Spiritual Stock-Taking

Published in The Jerusalem Post on September 28, 1997

How does a Jew do “* cheshbon nefesh *”? Beat his breast and repent for his sins? No. He reaches over to the guy sitting nearby and hits * him * on the chest.


Finding fault with others is something that politicians, journalists, columnists and others do all year long. Self-criticism, of course, is harder, requiring humility and honesty. Spiritual stock-taking, one level yet higher, is almost non-existent. It’s a challenge our society has elected to neglect.


“It is a positive commandment to petition the heavens and to blow trumpets following any misfortune that may befall the public”, writes Maimonides (Mishneh Torah, Laws of Fast Days, 1:1). “This is the way of repentance….to recognize that adversity results from our wicked ways……It is brutish to discount tragedies as natural or random events”, warns the Jewish philosophical giant.


So, it’s incumbent on us to seek deeper meaning for all that happens around us, to improve ourselves and beseech G-d for relief.


After a year of national tragedies galore what is our conclusion? The Hasmonean tunnel riots, helicopter calamity, murdered schoolgirls in Naharayim, Lebanon commando catastrophe, and the Apropo, Mahane Yehuda and Ben-Yehuda bombings — did all this happen only as a result of nefarious or poor policy (Arafat’s, Assad’s or Netanyahu’s)? Is the sum total of our analysis merely military or diplomatic — crack down on Arafat, dump Bibi, or withdraw from Lebanon? Is there no level of meaning beyond the prosaic political calculus?


Throughout our history, Jews have always thought there was. G-d keeps a moral scorecard. What we do individually, how we speak and how we act – to our neighbors, co-workers, fellow immigrants, kids, the poor and weak, strangers and the deviant among us, Jews of different religious stripes, even our political rivals – effects what happens to us on the national level.


Unfortunately, our capacity for such ethereal reflection, and willingness as a people to contemplate G-d’s hand in history, has been dulled. Perhaps technological society is to blame; there’s too much sensory noise, too much media and information, not enough time or mental space to think. Perhaps we simply don’t believe in much anymore, aside from personal fulfillment. Perhaps we lack spiritual leadership.


In the Rosh Hashana prayers we repent for the sin of “confusion of the heart” (*timhon laivav*). This is confusion that stems from inadequate perspective; from not making the effort to reach beyond the commonplace and consider the macro in an ethical/religious context.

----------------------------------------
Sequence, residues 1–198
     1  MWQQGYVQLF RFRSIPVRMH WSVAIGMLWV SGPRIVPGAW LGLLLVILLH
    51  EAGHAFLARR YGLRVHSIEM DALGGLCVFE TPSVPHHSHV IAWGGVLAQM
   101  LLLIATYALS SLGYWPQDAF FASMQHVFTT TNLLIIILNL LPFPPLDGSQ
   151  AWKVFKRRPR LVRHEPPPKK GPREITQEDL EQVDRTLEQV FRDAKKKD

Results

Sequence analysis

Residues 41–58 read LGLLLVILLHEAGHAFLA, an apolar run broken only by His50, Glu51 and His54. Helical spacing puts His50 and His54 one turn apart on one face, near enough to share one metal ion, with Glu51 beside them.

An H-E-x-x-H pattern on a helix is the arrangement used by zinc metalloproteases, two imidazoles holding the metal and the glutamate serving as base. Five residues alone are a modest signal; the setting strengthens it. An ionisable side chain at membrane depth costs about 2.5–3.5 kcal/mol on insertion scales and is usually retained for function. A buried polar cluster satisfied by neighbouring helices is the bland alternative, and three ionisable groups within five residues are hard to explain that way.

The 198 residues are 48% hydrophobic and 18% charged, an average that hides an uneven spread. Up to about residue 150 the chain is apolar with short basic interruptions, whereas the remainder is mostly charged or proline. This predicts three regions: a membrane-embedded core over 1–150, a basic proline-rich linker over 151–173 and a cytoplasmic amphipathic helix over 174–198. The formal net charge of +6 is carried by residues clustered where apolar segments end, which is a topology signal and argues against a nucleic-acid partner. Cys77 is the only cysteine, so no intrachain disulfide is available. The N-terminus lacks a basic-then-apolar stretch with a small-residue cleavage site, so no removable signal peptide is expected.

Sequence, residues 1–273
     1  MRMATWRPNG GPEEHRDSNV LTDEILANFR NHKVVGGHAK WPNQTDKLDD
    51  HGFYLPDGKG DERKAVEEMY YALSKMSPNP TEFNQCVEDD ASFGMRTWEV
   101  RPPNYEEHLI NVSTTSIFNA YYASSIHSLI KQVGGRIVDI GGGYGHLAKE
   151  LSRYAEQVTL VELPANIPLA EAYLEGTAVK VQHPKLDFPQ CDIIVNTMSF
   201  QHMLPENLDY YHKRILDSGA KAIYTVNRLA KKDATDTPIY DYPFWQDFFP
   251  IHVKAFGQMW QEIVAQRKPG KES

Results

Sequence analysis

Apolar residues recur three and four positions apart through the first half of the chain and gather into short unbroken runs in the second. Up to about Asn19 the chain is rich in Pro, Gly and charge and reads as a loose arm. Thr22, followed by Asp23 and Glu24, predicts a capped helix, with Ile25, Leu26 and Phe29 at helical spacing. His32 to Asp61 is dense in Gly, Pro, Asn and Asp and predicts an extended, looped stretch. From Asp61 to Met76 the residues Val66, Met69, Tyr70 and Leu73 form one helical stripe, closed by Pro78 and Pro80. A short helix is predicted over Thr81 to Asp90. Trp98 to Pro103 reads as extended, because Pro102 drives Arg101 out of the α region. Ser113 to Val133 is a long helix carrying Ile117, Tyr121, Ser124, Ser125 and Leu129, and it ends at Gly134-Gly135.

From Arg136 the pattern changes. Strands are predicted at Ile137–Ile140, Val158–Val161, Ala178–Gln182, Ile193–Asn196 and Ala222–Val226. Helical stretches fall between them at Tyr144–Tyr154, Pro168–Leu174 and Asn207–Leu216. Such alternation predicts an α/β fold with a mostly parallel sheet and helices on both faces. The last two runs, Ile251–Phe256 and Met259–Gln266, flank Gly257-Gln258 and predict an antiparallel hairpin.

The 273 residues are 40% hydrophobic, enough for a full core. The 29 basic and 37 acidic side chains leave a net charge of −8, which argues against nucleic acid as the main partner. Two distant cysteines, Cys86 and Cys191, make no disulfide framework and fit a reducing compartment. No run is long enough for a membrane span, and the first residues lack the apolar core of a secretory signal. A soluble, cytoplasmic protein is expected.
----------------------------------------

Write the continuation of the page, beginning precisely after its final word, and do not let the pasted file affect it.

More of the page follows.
Let’s not rule out the possibility that we can spiritually navigate ourselves out the current national troubles. More refined use of language in public discourse, just a little less hacking at each other politically, a touch more tolerance in education, less public promiscuity, more honesty in business and increased philanthropy, a crackdown on crime (look at all the murders!), fairer distribution of the national burden (army service by all!), more concern for the widow, orphan and unemployed, some reverence for heritage – all this might go a long way in ameliorating the misery that heaven decreed upon us.


Unlike some arrogant clerics and idiotic soothsayers, we cannot decisively ascertain why things happen or for what purpose. We can only seek respite by refining ourselves, in the hope that G-d will take notice and reward our catharsis. Engagement is the key. The process of self-improvement and searching for G-d, itself constitutes recognition that there is a Divine guiding hand in our lives, and the appeal for His guidance is intrinsically beneficial. At the least, we can ethically improve our communities and society.


And for the hard-core believer, I’ve got a philosophical adage to consider. Why the redundancy in wishing each other a “good and sweet” new year? By definition, everything that G-d does is for the good, even if we don’t always experience it that way. Answer: our additional prayer is that His decisions also will be felt and understood by us as beneficial. If we can only embrace this verity, difficult as the times are, perhaps we’ll merit mitigation of the hardships and renewed sweetness. Amen.


David M. Weinberg is a think tank director, columnist and lobbyist who is a sharp critic of Israel’s detractors and of post-Zionist trends in Israel. Read more »
A passionate speaker, David M. Weinberg lectures widely in Israel, the U.S. and Canada to Jewish and non-Jewish audiences. He speaks on international politics and Middle East strategic affairs, Israeli diplomacy and defense strategy, intelligence matters and more. Click here to book David Weinberg as a speaker

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